Difficulty Qualifying for Funding: If your business is “unbankable”, you might have trouble qualifying for a commercial real estate loan with a reasonable interest rate. During economic recessions, you are also likely to find it harder to obtain funding irrespective of your creditworthiness.
Capital Loss: The possibility always exists that the value of your property will decline and that you could take a capital loss in case you opt to sell.
Loss of Liquidity: Your funds are tied up in the property and you have either to sell or do a partial cash-out refinance if you wish to recover it. The money tied up in the property could have been used for other opportunities if you had leased instead.
Leasing Commercial Real Estate
Commercial leases usually run from between 3 and 10 years. During the lease period, you will get use of the property subject to the restrictions outlined in the lease agreement.
Additional Liquidity: Less of your cash is tied up since you aren’t required to make a down payment before moving into the space. However, you can expect to pay upfront fees for a security deposit, prelease inspection, broker, and attorney.
Easier Budgeting: With leasing, you don’t have to pay for major repairs, maintenance, or upkeep to the property, which may amount to significant unforeseen costs. Instead, you will know exactly what you are required to pay every month.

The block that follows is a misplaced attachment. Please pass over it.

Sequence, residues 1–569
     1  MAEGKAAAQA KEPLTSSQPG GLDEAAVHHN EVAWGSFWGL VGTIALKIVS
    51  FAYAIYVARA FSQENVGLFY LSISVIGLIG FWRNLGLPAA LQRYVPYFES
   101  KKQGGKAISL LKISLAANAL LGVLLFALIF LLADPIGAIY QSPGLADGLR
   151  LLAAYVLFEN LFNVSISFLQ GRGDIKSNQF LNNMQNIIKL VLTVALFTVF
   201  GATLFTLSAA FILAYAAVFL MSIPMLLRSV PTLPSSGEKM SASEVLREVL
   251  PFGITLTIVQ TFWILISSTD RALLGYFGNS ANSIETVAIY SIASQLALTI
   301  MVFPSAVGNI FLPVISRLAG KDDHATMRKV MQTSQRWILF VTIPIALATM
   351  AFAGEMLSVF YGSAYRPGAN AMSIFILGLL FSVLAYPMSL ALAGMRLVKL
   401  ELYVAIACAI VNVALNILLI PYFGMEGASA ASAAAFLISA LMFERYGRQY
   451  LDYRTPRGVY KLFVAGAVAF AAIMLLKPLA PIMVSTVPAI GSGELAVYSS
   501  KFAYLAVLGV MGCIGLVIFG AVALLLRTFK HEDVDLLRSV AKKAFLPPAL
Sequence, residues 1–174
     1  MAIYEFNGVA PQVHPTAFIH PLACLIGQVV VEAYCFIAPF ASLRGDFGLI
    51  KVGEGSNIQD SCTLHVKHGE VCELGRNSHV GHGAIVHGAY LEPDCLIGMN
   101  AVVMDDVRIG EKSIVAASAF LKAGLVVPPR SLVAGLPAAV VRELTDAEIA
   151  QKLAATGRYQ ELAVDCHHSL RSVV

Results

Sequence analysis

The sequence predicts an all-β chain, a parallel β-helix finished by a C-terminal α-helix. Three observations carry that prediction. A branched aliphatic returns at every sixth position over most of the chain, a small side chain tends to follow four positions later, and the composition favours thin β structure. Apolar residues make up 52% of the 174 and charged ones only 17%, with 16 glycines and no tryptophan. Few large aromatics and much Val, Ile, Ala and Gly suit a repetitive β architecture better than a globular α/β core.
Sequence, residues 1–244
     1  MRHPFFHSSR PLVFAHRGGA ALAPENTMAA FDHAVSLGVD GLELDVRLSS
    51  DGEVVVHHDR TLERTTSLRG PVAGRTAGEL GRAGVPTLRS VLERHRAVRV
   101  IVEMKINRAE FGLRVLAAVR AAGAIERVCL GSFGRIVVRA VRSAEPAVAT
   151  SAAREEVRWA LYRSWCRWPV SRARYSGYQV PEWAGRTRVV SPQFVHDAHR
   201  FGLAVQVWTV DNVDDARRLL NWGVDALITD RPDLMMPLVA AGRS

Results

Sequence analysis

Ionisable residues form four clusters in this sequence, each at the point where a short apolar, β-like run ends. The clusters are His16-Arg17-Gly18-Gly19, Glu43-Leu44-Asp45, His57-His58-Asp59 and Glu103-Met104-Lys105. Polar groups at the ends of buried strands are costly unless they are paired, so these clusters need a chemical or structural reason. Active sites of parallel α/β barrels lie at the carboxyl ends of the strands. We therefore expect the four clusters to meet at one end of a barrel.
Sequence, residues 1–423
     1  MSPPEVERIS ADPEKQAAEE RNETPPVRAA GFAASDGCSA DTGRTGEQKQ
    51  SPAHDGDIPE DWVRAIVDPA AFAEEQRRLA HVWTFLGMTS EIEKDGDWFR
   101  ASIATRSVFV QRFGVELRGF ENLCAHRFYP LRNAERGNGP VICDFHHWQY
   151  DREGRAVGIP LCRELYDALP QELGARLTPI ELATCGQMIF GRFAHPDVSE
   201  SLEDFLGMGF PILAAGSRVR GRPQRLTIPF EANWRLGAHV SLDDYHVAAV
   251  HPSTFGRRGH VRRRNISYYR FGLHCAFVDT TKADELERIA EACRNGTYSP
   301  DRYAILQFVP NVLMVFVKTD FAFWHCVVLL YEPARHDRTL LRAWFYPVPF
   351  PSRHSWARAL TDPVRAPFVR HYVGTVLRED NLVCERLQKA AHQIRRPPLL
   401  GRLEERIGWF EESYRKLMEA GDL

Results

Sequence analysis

Focusing on the Business: It is quite complicated to manage a commercial property since there are maintenance costs, insurance requirements, and other issues that may distract you from the business. With leasing, you can focus solely on running the business.
Flexibility: Qualifying for a lease is usually easier than qualifying for loan, which means that more options are available to you when it comes to choosing a location. You might be able to afford to lease a property that’s too expensive to buy, which may help you get into a strategic or prime location.
Tax Benefits: You can deduct these costs as incurred: property taxes, property insurance, lease payments, maintenance, and utilities. You are also free to deduct the entire lease payment.
No Control: Your lease might have restrictions that limit your control over the rental space. You might have no control over when the lease expires or even over rent hikes. If you unfortunately go out of business, you have to keep up with your rent payments or be penalized.
Expensive Rent: The monthly rent payments are typically higher than mortgage payments on the same property. A typical lease agreement makes tenants responsible for utilities, property taxes, monthly retail insurance, and maintenance costs.  For commercial real estate for rent near me, click here.
No Appreciation or Equity: If you opt to lease, you won’t accumulate any equity and without equity it is impossible to benefit from capital appreciation.
It is quite evident that both buying and leasing commercial real estate offer numerous significant advantages and disadvantages. The best way to make the best decision regarding which one to choose is to understand both options and evaluate them based on your specific business.